6 of the atheroma should not be used to assess the need for anticoagulation therapy, since small, medium, and large atheromas had similar outcomes. This is in contrast to current practice patterns, since studies reveal that 79% of patients with large or medium atheromas (medium diameter 1 mm and area 10 mm 2 ) were prescribed warfarin, as opposed to 53% of patients with small plaques (defined as diameter 1 mm). Thus, patients with mobile atheroma should be considered for anticoagulation with warfarin, while the role of the dimension of the plaque (ie, 4 mm) in determining therapy is still not totally clear. 5. Patent Foramen Ovale and Atrial Septal Aneurysm The incidence of paradoxic embolism is unknown. In recent years, however, the role of developmental and acquired disease of the interatrial septum as a cause of cryptogenic stroke has received considerable attention. Paradoxic embolism through a patent foramen ovale (PFO) is well documented and thrombus on the arterial side of an atrial septal aneurysm has been reported at autopsy, during surgery, and by TEE. 91 Much of the uncertainty about the incidence of paradoxic embolism lies in the fact that 27 to 29% of normal hearts have demonstrable PFOs at autopsy, 92,93 and thus the specificity of this finding as a marker of paradoxic embolism is low. However, the demonstration by transthoracic echocardiography that 10 to 18% of normal people exhibit right-toleft shunting through a PFO during cough or Valsalva maneuver 94,95 (by TEE, the incidence approaches the anatomic data 96 ), and the observation that 57% of patients with PFOs and suspected paradoxic embolism were found to have venous thrombosis by venography, 97 provides support for the thesis that paradoxic embolism may be more common than generally believed. However, in the study citing a 57% incidence of venous thrombosis, only 17 of 42 patients had venous studies within 1 week before or after an embolic event. Recently, Lethen et al 98 reported performing lower-limb venous studies independent of clinical signs of thrombosis at the time of presentation on 53 patients presenting with PFO and unexplained cerebral ischemia and found a 9.5% incidence of deep venous thrombosis. The PFOs associated with stroke in this report were all medium or large. A number of studies 95, have demonstrated a strong association between PFO and stroke. The evidence for this association is particularly apparent in younger patients, in whom the likelihood of atherosclerotic embolic disease is less compelling. Nevertheless, in a thoughtful review of this subject, Movsowitz et al 96 conclude that the role of paradoxical embolism through a PFO remains controversial. Archer et al 102 reported on 55 patients who had completed the Department of Veterans Affairs Cooperative Study of Stroke Prevention in Nonrheumatic Atrial Fibrillation trial without an embolic event. PFO was found in 54% and atrial septal aneurysm was found in 7.3%, suggesting a higher incidence of these abnormalities in patients with AF. It is generally agreed that contrast TEE is the diagnostic technique of choice for demonstrating a PFO. However, since the sensitivity of contrast TEE is greater than that of noncontrast transthoracic echocardiography, the question may be asked whether the smaller PFOs identified only by TEE are likely to be clinically relevant to the true incidence of paradoxic embolism. The finding of a PFO in patients with pulmonary embolism may have significant clinical implications. Konstantinides et al 103 studied 139 consecutive patients with major pulmonary embolism. PFO was present in 35% of the patients, which is higher than the incidence reported in the normal population. The death rate was 33% in this group as opposed to14% in patients with a normal echocontrast examination (p 0.015). Patients with a PFO also had a significantly higher incidence of ischemic stroke (13% vs 2.2%; p 0.02) and peripheral arterial embolism (15 vs 0%; p 0.001). Information regarding the effect of treatment of patients with pulmonary embolism and PFO is lacking. A strong association between atrial septal aneurysm and stroke has also been reported. 91,104 The former condition has been identified in 1% of autopsies and in 3 to 4% of nonstroke patients examined by TEE. 91,104 Because of a high incidence of PFO in patients with atrial septal aneurysm (70 to 83%) and anecdotal reports of clot within the aneurysm, there are two potential sources of systemic embolism in this condition: paradoxic embolism and arterial thromboembolism from the left side of the atrial septal aneurysm. Atrial septal aneurysm has also been associated with MVP. 105 Surgical repair of atrial septal aneurysm has been suggested when embolic phenomena have been demonstrated, but the evidence for this remains unclear. 106 In both isolated PFO and in atrial septal aneurysm, the indications for antithrombotic therapy remain problematic. Atrial septal aneurysm and right-to-left shunting demonstrated by echocardiography may be predictive of a PFO that predisposes to stroke. 105 In patients with unexplained cerebral ischemia or stroke, the demonstration of right-to-left shunting through a PFO warrants a search for deep vein thrombosis. In this circumstance, evidence for venous thrombosis (or pulmonary embolism) together with systemic embolism and a PFO provides a strong indication for long-term anticoagulation, venous interruption, or in some cases, closure of the PFO or atrial septal defect. In the absence of evidence for venous thromboembolism, the threshold for these interventions is higher and must be made on a case-by-case basis. Certainly, long-term anticoagulation would not be recommended for asymptomatic patients with PFOs or atrial septal aneurysms, although low-dose aspirin would seem prudent therapy to reduce the likelihood of thrombosis on the arterial side of an atrial septal aneurysm. Hanna et al 106 reported on a relatively small series (n 15) of patients who had what appeared to be PFO-related brain infarcts. These authors reported no recurrent infarcts during a mean follow-up period of 28 months and believed that aspirin may be sufficient stroke prophylaxis while warfarin and surgical correction could be reserved for patients in whom aspirin is not effective. While subsequent studies of the role of PFO in patients with cryptogenic stroke may broaden the indications for long-term warfarin therapy, the low specificity of PFO shunting as a risk factor for 212S Sixth ACCP Consensus Conference on Antithrombotic Therapy

7 stroke and the known risks of long-term anticoagulation mandate that we apply caution in recommending lifelong anticoagulation for patients suspected of having paradoxic embolism, unless the diagnostic evidence is quite convincing or alternate causes for stroke in themselves would justify this therapy. Decision analysis may be helpful in guiding therapy in the more difficult cases. 6. Infective Endocarditis With the advent of effective antimicrobial therapy, the incidence of systemic emboli in infective endocarditis has decreased. In the preantibiotic era, clinically detectable emboli occurred in 70 to 97% of patients with infective endocarditis, 107 while, since that time, the prevalence has been reported to be 12 to 40% Emboli occur more frequently in patients with acute endocarditis than in those with subacute disease, 114 and the incidence of pulmonary emboli in right-sided endocarditis is particularly high. 110,115 Cerebral emboli are considerably more common in mitral valve endocarditis than in infection of the aortic valve; interestingly, this observation is not explained by the occurrence of AF. 111 While embolic rate (in terms of events per patient-week) has not been reported in endocarditis (to our knowledge), considering the relatively short course of the disease, an unusually high event per unit time may be inferred. The use of anticoagulant therapy in infective endocarditis was initially introduced in the sulfonamide era, not as a means of preventing thromboembolism but to improve the penetration of antibiotic into the infected vegetations. 116 While complications of this therapy were not always encountered, 117,118 most workers reported an alarming incidence of cerebral hemorrhage, and it was suggested that the routine use of anticoagulant therapy in patients with endocarditis be abandoned. 120,122,123 However, the issue remained controversial. While reference to the early adverse experience of anticoagulant therapy in endocarditis frequently has been made, Lerner and Weinstein 110 concluded that anticoagulants were probably not contraindicated in infective endocarditis. With the advent of echocardiography, means of identifying the patient at risk for embolization have been proposed, and a high correlation between echocardiographically demonstrable vegetations and embolism has been reported. 115, However, in a review of this subject, O Brien and Geiser 127 report that 80% of patients with infective endocarditis have vegetations detected by echocardiography while only one third have systemic emboli. TEE has added a further dimension to the diagnostic accuracy of endocarditis. Indeed, Popp 128 concludes that the current state of the art in transesophageal echocardiographic imaging makes the likelihood of endocarditis low in patients without demonstrated vegetations. However, the ability of these techniques to identify the patient at risk for embolism is low. Further, there is no convincing evidence that prophylactic anticoagulant therapy reduces the incidence of emboli in native valve endocarditis, and it is generally believed that the routine use of anticoagulant drugs is not justified in this circumstance. In a study 129 of the rate of cerebral embolic events in relation to antibiotic and anticoagulant therapy in patients with infective endocarditis, a prompt reduction in emboli was observed soon after antibiotic therapy was started, while the incidence of emboli was the same among those who did or did not receive anticoagulant therapy. However, in the patient with a special indication, eg, the patient with mitral valve disease and the recent onset of AF, appropriate anticoagulant therapy should not be withheld. The patient with prosthetic valve endocarditis deserves special comment. With the exception of those patients with bioprostheses in normal sinus rhythm, patients with prosthetic valves are at constant risk of thromboembolism, and there are important reasons not to interrupt anticoagulant therapy in this circumstance. The risks of thromboembolic events in prosthetic valve endocarditis are higher than those in native valve endocarditis; emboli have been reported in 50 to 88% of patients with prosthetic valve endocarditis ,130,131 However, the opinion is divided on the effectiveness of anticoagulation in reducing the number of embolic events associated with prosthetic valve endocarditis. Wilson et al 131 reported CNS complications in only 3 of 38 patients with prosthetic valve endocarditis who received adequate anticoagulant therapy, while events were observed in 10 of 14 patients who received either inadequate or no anticoagulation. However, Yeh et al 132 found that adequate anticoagulation failed to control emboli during prosthetic valve endocarditis, and the risk of bleeding appears to be greater among patients with infected prostheses. 112 Pruitt and associates 111 found that 23% of the hemorrhagic events occurred in the 3% of patients receiving anticoagulants, and a 50% incidence of hemorrhage was observed by Johnson 133 in patients with prosthetic valve endocarditis treated with anticoagulants. Other workers, 112,134 too, have reported a high incidence of intracranial hemorrhage in patients who received anticoagulation therapy with prosthetic valve endocarditis. Thus, the use of anticoagulants in prosthetic valve endocarditis must steer a path between the Scylla of thromboembolism and the Charybdis of serious bleeding. There seems little doubt that the risk of the former is substantial without the protection of continued anticoagulation, yet the consequence of intracranial hemorrhage may be irreversible and not infrequently fatal. It should be appreciated that embolic events in prosthetic valve endocarditis may represent dislodged vegetations or, alternatively, true thromboembolism unrelated to the valve infection. While the incidence of the latter can be expected to be reduced by anticoagulation therapy, there is no evidence that embolic vegetations are controlled by this therapy. Nevertheless, most workers suggest that longterm anticoagulant therapy should be continued in patients with prosthetic valve endocarditis, 111,130,131,133 while others express some doubt about its value. 110,111 Since the most serious and potentially lethal complications of cerebral embolic events are due to intracranial bleeding, CT scanning may provide the means of identifying the patient at high risk for such complications. 135 Based on experience in patients without endocarditis, the Cerebral Embolism Study Group recommends that in nonhypertensive pa- 213S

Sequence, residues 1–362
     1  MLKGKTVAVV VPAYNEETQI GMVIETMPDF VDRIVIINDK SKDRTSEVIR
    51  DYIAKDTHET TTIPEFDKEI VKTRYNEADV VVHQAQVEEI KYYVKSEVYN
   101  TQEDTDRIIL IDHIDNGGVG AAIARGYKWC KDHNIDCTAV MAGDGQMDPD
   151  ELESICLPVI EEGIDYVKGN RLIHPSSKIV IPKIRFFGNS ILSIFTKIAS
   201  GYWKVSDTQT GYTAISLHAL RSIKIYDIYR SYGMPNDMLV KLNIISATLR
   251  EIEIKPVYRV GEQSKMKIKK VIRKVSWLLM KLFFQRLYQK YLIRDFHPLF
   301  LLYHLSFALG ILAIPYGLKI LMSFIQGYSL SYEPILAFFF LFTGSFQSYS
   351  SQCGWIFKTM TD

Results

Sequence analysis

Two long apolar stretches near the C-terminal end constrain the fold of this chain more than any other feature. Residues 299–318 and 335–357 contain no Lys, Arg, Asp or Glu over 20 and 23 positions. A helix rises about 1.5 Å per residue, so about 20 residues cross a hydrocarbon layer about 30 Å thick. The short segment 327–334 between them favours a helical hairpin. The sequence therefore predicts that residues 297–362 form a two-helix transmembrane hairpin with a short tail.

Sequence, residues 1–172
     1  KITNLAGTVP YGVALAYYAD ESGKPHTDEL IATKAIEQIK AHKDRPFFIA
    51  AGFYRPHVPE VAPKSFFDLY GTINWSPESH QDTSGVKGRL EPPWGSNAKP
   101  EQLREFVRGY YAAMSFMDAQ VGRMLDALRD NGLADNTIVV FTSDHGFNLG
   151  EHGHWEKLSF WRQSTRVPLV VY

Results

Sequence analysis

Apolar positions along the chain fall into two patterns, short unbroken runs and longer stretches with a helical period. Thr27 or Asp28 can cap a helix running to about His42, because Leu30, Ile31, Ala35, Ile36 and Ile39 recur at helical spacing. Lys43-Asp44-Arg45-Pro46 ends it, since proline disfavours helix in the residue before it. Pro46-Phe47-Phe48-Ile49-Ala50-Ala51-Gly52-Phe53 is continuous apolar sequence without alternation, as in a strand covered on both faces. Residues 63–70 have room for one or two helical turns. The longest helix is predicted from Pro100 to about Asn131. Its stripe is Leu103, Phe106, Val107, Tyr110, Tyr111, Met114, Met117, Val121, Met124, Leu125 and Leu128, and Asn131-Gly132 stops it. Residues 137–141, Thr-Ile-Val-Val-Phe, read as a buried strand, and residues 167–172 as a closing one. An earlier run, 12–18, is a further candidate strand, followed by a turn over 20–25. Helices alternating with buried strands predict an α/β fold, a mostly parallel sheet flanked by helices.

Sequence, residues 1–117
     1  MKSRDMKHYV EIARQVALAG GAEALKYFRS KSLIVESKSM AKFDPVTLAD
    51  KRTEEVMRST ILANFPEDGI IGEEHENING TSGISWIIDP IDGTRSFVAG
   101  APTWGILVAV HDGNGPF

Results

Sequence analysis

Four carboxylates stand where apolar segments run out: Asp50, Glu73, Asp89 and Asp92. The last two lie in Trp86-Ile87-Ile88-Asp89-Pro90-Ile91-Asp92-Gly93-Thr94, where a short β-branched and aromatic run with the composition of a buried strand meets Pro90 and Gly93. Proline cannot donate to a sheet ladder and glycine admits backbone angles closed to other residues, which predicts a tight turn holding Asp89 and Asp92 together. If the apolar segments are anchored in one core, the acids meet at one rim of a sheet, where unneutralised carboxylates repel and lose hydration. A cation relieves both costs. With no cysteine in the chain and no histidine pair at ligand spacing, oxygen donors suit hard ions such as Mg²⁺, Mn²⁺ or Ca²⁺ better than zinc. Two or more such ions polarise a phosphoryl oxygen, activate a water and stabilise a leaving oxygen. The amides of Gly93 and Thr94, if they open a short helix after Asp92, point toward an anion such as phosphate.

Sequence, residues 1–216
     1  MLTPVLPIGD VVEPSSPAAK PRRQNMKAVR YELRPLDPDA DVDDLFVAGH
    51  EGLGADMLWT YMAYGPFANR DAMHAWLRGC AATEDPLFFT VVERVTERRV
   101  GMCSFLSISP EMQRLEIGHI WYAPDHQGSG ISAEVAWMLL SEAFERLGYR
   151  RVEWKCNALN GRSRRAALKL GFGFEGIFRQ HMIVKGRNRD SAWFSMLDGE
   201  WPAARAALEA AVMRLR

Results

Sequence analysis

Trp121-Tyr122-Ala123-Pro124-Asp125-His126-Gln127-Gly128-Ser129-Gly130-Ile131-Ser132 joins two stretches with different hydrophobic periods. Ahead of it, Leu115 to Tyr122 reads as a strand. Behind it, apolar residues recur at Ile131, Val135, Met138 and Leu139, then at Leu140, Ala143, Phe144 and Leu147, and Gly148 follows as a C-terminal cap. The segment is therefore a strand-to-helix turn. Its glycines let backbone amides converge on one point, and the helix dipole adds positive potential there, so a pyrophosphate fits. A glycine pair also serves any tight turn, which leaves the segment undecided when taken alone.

8 tients with cardiogenic cerebral emboli, if there is no evidence of hemorrhage on CT scan 24 to 48 h after stroke, immediate anticoagulation should be undertaken, although a delay of 7 days might be more prudent in those patients with large cerebral infarctions. 136,137 Since the risk of thromboembolism in patients not receiving anticoagulation therapy with bioprostheses who are in normal sinus rhythm is low, 138 anticoagulation therapy is not indicated. A previous study 139 of 61 patients with prosthetic valve endocarditis found no protective effect of warfarin anticoagulation and confirmed the observation that antibiotic therapy was more important than anticoagulation in preventing neurologic complications. While Pruitt et al 111 suggest a possible role for antiplatelet drugs in prosthetic valve endocarditis, the utility of this form of therapy has not been established. 7. Nonbacterial Thrombotic Endocarditis The evolution of the syndrome of nonbacterial thrombotic endocarditis (NBTE) has been clearly detailed in a comprehensive review of this disease by Lopez and associates. 140 Originally described by Ziegler in 1888, the lesions were considered to be fibrin thrombi deposited on normal or superficially degenerated cardiac valves. In 1936, Gross and Friedberg introduced the term nonbacterial thrombotic endocarditis and in 1954, Angrist and Marquiss 141 first called attention to the frequent association of systemic emboli with this disease. Numerous reports have identified the relationship between NBTE and a variety of malignancies and other chronic debilitating diseases, but also have emphasized its occurrence in patients with acute fulminant diseases, such as septicemia or burns and particularly as part of the syndrome of disseminated intravascular coagulation. While NBTE has been reported in every age group, it most commonly affects patients between the fourth decade and the eighth decade of life. The reported incidence of systemic emboli varies widely (14 to 91%); it averages 42%. 140 While NBTE most commonly affects the aortic and mitral valves, any cardiac valve may be affected; vegetations on the atrioventricular valves are present on the atrial surface, while those involving the semilunar valves are found on the ventricular surface of the valve. 140 Although the pathogenesis of NBTE is not fully understood, the most important predisposing factors appear to be an underlying coagulopathy (usually disseminated intravascular coagulation), microscopic edema, degeneration of valvular collagen, and perhaps a local valvular effect of mucin-producing carcinomas. 140 Treatment of NBTE is directed toward control of the underlying disease, in most instances neoplasia and/or sepsis, and toward treatment of thromboembolism with or without associated disseminated intravascular coagulation. The most effective agent appears to be heparin, 140,142,143 and renewed thromboembolic complications have been reported after heparin therapy was discontinued. 142,143 Little benefit has been observed with warfarin therapy. 140,142,143 The diagnosis of NBTE is not easily made and is considerably more elusive than that of bacterial endocarditis. Not only is the marker of bloodstream infection lacking, but the small friable vegetations frequently embolize, leaving only small remnants to be identified on the valve. Indeed, cardiac murmurs, a hallmark of bacterial endocarditis, are frequently absent and there is some evidence that echocardiography is less sensitive for the detection of NBTE than it is for bacterial endocarditis. 140,144 NBTE lesions need to be differentiated from valve excrescences. In contrast to thrombotic vegetations that are generally rounded, sessile, measure 3 mm in diameter, have heterogeneous echoreflectance and no independent mobility, valve excrescences are thin ( 2 mm), elongated ( 3 mm) structures that are seen near leaflet close lines. 145 Roldan et al 145 used TEE to compare 90 healthy volunteers, 88 patients without suspected cardioembolism, and 49 patients referred for suspected cardioembolism. They found valve excrescences in 38% of normal subjects, in 47% of patients without suspected cardioembolism, and in 41% of those with suspected cardioembolism. These authors concluded that valve excrescences were common findings on left-sided heart valves of both normal subjects and patients regardless of gender or age, that they persist over time, and that they do not seem to be a primary source of cardiac embolism. In an accompanying editorial, Armstrong 146 concluded that the above-mentioned carefully controlled TEE study should serve as a model for studying other possible lesions associated with cardioembolism, such as atrial septal defect, PFO, and isolated MVP without vegetation. The case for anticoagulant therapy in NBTE is strengthened by the general belief that Trousseau syndrome and NBTE represent a continuum, 142 and that disseminated intravascular coagulation represents the substrate for treating most patients with NBTE. Rogers et al 143 suggest that anticoagulation therapy should be withheld from patients with disseminated cancer when there is no hope of tumor regression, but in most instances, a diagnosis of NBTE or a strong suspicion of this diagnosis warrants treatment with IV heparin. Although the utility of subcutaneous heparin therapy for outpatient use has not been established, its use has been suggested to improve the quality of life of patients with NBTE and persistent neoplasia or chronic debilitating disease Withdrawal of Anticoagulation Therapy Prior to Surgery Patients with valvular heart disease receiving warfarin therapy who require surgical procedures present special problems related to withholding and restarting anticoagulation therapy. The risks of bleeding vs thromboembolism as well as the costs must be carefully balanced. Eckman et al 147 used decision analysis to examine the cost-effectiveness of varying strategies for treating patients with prosthetic heart valves undergoing noncardiac surgery. These authors concluded the marginal cost of prolonging hospitalization to administer heparin was prohibitively high, except when the patient has the most thrombogenic of valves. Kearon and Hirsh 148 assessed the risks of anticoagulation before and after elective surgery. Reviewing the 214S Sixth ACCP Consensus Conference on Antithrombotic Therapy